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Border Immersion

Listen, Learn & Engage

Border Servant Corps hosts groups interested in an accompaniment-style immersion, where relationships and first-hand educational experiences about border issues are prioritized.

In today’s polarized society – surrounding almost every issue – it seems increasingly important to come together, get to know one another, learn about realities, think critically, and proactively engage with renewed understanding.

BSC’s border immersion is intentionally designed to provide a comprehensive spectrum of views about immigration and the borderlands by:

  • Speaking with first-generation immigrants.

  • Visiting local organizations working with immigrant populations.

  • Meeting with government officials to hear about border protection and law enforcement.

  • Learning about immigration law.

  • Building an understanding of economic policies and realities affecting people on the border.


Participants are encouraged to come with open minds, proactively engage in learning during the week, and utilize individual critical thinking skills to inform their follow-up actions. Instead of slogans and bumper-sticker answers, BSC encourages participants to begin to understand – or deepen their understanding – of the complexity of the borderlands.

If you’re looking to dig-in to our shared humanity, to live into the complex realities, to grapple with challenging experiences – both within and without – this week might fit. Spending time in the borderlands will provide you with a first-hand experience that can inform your perspectives and engagement in your own community and maybe – just maybe – allow each of us to listen, learn, and engage in a way that can bring us together for the better.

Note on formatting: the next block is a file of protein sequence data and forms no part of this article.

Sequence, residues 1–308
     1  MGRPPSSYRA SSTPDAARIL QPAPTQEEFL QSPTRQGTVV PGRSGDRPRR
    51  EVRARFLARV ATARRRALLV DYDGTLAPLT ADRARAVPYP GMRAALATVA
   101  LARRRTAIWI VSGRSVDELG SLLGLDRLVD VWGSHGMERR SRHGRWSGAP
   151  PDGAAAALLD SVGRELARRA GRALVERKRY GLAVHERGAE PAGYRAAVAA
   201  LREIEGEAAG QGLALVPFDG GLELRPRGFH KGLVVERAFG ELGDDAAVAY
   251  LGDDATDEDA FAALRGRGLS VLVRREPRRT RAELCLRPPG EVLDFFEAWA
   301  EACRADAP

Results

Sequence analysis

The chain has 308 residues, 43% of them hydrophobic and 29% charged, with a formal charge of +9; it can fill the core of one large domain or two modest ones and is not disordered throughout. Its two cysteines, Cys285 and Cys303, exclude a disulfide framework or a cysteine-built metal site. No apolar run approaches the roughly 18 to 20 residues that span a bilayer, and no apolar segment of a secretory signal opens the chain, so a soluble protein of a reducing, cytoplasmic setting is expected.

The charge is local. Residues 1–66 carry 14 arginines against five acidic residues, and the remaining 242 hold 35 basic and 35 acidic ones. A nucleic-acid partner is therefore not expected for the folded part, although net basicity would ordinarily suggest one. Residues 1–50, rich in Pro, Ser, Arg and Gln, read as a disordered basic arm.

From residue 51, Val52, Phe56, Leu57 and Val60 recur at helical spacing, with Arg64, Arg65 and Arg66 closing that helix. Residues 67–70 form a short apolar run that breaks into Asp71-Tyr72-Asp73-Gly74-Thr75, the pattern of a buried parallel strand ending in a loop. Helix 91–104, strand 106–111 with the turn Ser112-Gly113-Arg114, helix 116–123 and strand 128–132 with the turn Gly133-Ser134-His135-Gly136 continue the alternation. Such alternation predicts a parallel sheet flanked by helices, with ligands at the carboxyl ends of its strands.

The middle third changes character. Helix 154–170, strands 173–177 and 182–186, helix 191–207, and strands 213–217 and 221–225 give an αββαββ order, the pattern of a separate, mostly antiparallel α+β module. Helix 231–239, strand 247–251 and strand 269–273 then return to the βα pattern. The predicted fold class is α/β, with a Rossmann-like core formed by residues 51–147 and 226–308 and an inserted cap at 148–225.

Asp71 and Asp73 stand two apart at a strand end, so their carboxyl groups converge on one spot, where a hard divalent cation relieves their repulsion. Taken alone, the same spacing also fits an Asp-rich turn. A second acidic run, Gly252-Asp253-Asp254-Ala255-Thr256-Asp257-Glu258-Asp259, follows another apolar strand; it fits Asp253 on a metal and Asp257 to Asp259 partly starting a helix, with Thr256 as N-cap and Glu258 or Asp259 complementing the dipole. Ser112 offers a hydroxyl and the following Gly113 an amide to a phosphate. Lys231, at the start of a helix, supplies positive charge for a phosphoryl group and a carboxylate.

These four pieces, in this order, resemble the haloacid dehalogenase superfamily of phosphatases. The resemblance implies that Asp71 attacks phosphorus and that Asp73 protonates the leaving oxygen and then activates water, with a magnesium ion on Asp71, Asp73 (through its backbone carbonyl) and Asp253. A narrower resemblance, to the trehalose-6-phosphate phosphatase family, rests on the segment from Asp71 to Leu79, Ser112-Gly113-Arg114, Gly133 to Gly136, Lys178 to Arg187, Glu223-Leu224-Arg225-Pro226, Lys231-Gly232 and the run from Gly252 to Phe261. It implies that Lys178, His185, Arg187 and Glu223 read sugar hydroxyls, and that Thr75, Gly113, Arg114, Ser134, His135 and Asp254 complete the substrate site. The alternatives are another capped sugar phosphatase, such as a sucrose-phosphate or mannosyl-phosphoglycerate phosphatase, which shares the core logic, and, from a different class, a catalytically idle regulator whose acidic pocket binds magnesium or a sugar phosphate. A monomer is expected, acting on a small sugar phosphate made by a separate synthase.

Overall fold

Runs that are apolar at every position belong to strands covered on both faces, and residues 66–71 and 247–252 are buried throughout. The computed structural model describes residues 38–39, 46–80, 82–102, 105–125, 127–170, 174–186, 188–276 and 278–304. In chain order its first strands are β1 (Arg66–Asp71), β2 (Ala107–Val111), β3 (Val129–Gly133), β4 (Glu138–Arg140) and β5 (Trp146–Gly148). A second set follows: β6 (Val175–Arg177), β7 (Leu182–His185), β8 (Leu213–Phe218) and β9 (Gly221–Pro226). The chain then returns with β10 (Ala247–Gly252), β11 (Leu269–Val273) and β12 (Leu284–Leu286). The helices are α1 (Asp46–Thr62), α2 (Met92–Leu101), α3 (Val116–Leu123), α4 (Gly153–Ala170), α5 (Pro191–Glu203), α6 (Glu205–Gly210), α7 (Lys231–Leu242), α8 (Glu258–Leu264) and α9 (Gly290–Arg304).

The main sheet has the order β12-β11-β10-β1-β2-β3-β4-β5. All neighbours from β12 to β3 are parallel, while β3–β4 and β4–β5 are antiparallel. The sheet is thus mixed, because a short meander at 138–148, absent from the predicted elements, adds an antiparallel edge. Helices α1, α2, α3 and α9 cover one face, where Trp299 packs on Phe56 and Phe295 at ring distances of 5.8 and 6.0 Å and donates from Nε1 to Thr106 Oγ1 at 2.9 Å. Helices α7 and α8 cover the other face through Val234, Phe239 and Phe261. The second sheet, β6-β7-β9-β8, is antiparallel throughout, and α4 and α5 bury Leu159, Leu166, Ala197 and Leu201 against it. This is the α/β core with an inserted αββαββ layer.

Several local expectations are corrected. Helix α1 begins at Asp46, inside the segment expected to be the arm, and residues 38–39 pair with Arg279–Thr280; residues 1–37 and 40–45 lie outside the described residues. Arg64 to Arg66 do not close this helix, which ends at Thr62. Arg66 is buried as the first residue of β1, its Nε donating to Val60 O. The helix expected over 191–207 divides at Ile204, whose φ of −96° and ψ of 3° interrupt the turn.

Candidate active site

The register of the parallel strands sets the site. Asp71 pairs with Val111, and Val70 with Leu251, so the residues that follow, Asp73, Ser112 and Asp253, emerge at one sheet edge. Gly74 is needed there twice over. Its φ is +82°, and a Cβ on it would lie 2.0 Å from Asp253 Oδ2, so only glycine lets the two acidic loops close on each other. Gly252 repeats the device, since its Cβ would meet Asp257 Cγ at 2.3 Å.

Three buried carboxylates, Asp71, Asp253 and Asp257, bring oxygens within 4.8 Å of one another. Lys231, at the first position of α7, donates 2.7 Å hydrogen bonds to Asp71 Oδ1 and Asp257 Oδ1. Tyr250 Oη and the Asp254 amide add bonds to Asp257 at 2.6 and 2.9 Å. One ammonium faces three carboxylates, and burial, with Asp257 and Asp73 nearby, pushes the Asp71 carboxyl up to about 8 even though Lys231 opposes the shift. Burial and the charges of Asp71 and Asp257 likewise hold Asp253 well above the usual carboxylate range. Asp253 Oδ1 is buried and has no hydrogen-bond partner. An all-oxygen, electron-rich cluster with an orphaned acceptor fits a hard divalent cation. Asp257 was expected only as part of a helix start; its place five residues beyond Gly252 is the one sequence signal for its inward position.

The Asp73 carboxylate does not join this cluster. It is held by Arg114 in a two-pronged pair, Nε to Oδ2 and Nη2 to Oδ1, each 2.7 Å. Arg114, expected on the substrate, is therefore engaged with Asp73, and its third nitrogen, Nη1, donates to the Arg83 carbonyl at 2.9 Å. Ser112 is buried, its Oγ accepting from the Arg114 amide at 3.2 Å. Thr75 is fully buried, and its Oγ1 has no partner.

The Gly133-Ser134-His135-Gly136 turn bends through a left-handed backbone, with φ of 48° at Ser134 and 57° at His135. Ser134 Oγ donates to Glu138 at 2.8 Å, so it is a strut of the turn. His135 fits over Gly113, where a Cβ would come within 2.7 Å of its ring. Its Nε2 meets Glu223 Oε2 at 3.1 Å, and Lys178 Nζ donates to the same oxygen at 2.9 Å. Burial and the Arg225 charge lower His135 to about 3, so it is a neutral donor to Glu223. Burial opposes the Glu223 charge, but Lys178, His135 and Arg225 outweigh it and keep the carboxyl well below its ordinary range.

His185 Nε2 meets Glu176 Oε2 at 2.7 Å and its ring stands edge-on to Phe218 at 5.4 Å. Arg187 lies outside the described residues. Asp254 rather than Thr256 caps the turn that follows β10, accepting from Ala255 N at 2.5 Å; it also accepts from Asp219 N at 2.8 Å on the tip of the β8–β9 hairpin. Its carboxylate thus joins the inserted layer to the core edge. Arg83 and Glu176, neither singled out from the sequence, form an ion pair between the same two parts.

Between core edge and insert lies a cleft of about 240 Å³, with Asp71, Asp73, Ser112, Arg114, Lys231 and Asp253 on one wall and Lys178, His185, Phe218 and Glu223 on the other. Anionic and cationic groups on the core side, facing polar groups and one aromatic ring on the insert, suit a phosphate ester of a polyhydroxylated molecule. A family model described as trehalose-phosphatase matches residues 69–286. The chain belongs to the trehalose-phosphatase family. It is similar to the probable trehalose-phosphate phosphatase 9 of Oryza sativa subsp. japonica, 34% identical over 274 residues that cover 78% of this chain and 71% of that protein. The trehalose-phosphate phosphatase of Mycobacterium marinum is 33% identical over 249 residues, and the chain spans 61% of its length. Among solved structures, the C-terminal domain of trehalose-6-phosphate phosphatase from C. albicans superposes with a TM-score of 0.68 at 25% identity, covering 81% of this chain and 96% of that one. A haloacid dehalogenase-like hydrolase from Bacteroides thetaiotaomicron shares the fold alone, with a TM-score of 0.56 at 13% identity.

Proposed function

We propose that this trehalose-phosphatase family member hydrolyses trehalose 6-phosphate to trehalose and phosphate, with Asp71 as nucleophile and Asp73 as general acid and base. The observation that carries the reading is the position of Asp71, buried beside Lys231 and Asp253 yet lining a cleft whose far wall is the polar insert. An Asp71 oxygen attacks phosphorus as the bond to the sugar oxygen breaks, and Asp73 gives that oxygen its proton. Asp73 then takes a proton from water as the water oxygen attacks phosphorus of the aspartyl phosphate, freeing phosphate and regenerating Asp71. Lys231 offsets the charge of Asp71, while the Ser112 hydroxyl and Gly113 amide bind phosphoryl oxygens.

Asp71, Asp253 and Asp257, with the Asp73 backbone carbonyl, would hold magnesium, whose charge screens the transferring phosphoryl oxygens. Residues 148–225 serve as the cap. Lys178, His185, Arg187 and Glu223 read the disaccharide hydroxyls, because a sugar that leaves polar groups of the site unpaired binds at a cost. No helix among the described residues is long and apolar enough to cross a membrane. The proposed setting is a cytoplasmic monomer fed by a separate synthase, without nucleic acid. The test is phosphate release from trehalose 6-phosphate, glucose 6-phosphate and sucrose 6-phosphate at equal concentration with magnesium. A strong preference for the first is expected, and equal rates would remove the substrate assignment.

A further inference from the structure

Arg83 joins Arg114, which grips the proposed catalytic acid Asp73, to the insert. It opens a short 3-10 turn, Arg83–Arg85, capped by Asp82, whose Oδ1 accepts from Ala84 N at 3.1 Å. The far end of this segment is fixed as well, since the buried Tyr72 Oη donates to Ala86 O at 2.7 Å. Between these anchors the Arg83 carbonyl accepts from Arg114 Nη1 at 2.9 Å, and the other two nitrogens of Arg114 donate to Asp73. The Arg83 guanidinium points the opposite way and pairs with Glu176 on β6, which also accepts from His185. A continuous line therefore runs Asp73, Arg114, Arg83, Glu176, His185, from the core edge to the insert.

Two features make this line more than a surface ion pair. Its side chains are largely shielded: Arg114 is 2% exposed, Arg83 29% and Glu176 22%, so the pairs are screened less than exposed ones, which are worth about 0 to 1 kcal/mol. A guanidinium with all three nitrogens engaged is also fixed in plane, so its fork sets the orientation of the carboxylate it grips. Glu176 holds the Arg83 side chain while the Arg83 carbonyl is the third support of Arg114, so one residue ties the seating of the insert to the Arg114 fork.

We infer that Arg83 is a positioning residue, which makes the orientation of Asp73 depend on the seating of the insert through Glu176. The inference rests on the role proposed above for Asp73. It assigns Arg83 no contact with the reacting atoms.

The title of the trip – Border Immersion – was very appropriate. As if we had been dunked in the Rio Grande, we were surrounded by all the issues and realities that make up life at the border.  Of all the people we met, no one was preoccupied with a single problem, and no one proposed a simple solution. The Border Patrol agents, the refugees, the lawyers and the volunteers deal every day with the complexities of human society: wealth and poverty, crime and punishment, love and hate. The ones who inspired us are the ones who have found ways to stay true to what they believe as they go about their daily routine.

Karl Miran, Wardlaw + Hartridge